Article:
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Golden times for LSTAA: Youth sports group wants a big turnout for 50th anniversary celebration

By David Barr, davidbarr@pressandjournal.com
Posted 4/12/17

By David Barr

davidbarr@pressandjournal.com

Baseball and softball have a common goal: The object is to come home.

That’s what leaders of the Lower Swatara Township Athletic Association …

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Golden times for LSTAA: Youth sports group wants a big turnout for 50th anniversary celebration

Posted

Baseball and softball have a common goal: The object is to come home.

That’s what leaders of the Lower Swatara Township Athletic Association want to see happen on Opening Day, Saturday, April 22, as the LSTAA marks 50 years of organizing baseball and softball leagues for Lower Swatara Township and Middletown youth.

There will be the usual bevy of Opening Day activities at Memorial Field in the Little Hollywood Recreational Complex off Longview Drive near Route 441.

However, there will be more this year. Anyone who was associated in any way in the last 50 years is invited. The association has managed to find four past presidents who will attend: Scott Dintiman, Frank Popp, Mike Starr and Craig Etter, according to LSTAA President Jason Wagner.

He added that the organization has lined up Dan Steele to be the emcee for Opening Day. Wagner said that Steele was “very involved” with LSTAA in years past, which is why he has been asked to do the emcee role.

“It’s an opportunity to bring the community together in a positive way,” Wagner said. “It’s an important milestone to recognize as a community.”

Organizers especially are looking for those who participated in the inaugural Opening Day activities in 1967 to attend. So far, they have not been able to find anyone from the charter year, but Wagner said they are still looking. The festivities won’t stop on Opening Day, as plans are in place for a commemorative patch to be a part of the uniform for the season. The hope is for each player to receive a sport bottle with the 50th anniversary logo on it at the end of the season to remember the anniversary.

This year, for baseball, there are three T-ball teams, three Ponies/Rookies teams, four Minors teams, and two Majors teams. For softball, there is one T-ball team, 3 8-and-under teams and two each for 10-and-under, 12-and-under, and 14-and-under. There also are two teener baseball teams. Wagner said that on average each team has 11 to 12 players and four coaches.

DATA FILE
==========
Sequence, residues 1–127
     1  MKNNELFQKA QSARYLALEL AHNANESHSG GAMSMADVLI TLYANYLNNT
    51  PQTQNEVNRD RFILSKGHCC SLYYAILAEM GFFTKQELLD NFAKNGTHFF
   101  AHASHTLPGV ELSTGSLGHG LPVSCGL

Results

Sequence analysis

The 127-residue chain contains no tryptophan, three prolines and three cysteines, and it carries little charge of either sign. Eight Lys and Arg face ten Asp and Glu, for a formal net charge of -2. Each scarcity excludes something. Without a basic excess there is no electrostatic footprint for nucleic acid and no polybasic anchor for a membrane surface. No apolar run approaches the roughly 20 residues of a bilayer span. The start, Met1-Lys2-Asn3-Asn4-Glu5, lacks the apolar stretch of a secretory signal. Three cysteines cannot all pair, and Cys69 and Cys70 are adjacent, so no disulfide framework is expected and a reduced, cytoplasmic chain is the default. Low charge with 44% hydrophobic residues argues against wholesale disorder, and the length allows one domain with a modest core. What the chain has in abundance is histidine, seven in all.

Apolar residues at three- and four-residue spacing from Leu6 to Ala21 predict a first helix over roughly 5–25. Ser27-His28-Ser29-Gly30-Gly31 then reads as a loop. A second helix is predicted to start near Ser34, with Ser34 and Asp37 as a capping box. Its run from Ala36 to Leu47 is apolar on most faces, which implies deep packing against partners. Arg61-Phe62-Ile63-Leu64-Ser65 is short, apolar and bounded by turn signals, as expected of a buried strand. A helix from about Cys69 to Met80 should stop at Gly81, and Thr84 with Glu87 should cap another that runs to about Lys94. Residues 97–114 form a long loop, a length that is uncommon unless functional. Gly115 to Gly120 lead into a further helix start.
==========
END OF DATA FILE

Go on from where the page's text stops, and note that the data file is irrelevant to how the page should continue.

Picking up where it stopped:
In addition to Memorial Field, throughout the year, games will be played at Shopes Gardens Field, located at the intersection of Theodore Avenue and Nissley Drive; Woodridge Field, 870 Woodridge Drive; the high school softball field; and the Kunkel Elementary School field. Both Shopes Gardens Field and Woodridge Field are owned by Lower Swatara Township.

Ties run deep

Former President Scott Dintiman has seen the LSTAA from both sides, as he played from the time he was 8 years old until he was 15 and spent time as an assistant coach for about five years while in his early 20s.

This year will be his 17th year as a member of LSTAA, which includes time spent as a baseball and softball coach. Dintiman was president for the five years prior to Wagner, and he serves as the vice president of softball.

“To be here at 50 years, that’s pretty cool,” Dintiman said.

The association’s goal is to help participants realize their full athletic potential, while developing their character by teaching them life skills such as getting along with and respecting others, how to properly handle success and failure, and pushing themselves beyond their preconceived abilities.

It is that mentality, helping players to push themselves and come out of their shell, and see personal barriers broken, that has vice president of baseball Jeff Lawrence helping. His boys play for LSTAA and Lawrence says he couldn’t “be any more privileged” to volunteer his time.

“I just felt, honestly, like seeing these kids progress was maybe the most rewarding thing I’ve ever felt,” Lawrence said. “It’s such a good organization. I’m proud to be a part of it. For anything to last for 50 years is great and the fact that not only has LSTAA been around for 50 years, you’re talking about celebrating growth and here’s an organization that’s stable.”

He said the association plays a small part in making the area attractive for families to raise children.

“It’s basically a testament to the community itself already in the fact that it’s lasted 50 years,” Lawrence said. “Whenever you have a chance to have kids be around people that care about them and aren’t interested in them for other reasons, that shows you have people who are interested in their community. The community means more to LSTAA than LSTAA means to the community. The LSTAA exists because of a strong community and it’s lasted for 50 years and been successful and has grown because the people of this community have supported it. That says more about the community than it does the organization.”

Both Wagner and Lawrence say the association can continue for another 50 years, as long as baseball and softball continue to go strong across the country, and with the support of parents, coaches, and other volunteers and players.

“I still see plenty of growth in the future,” Lawrence said. “As long as we can continue to have people who give us support from a sponsorship level, as long as we can have volunteers and parents who continue to support our organization, as long as we have kids that want to come out and enjoy themselves by playing, in my opinion, the greatest game to play, I can’t see LSTAA slowing down.”

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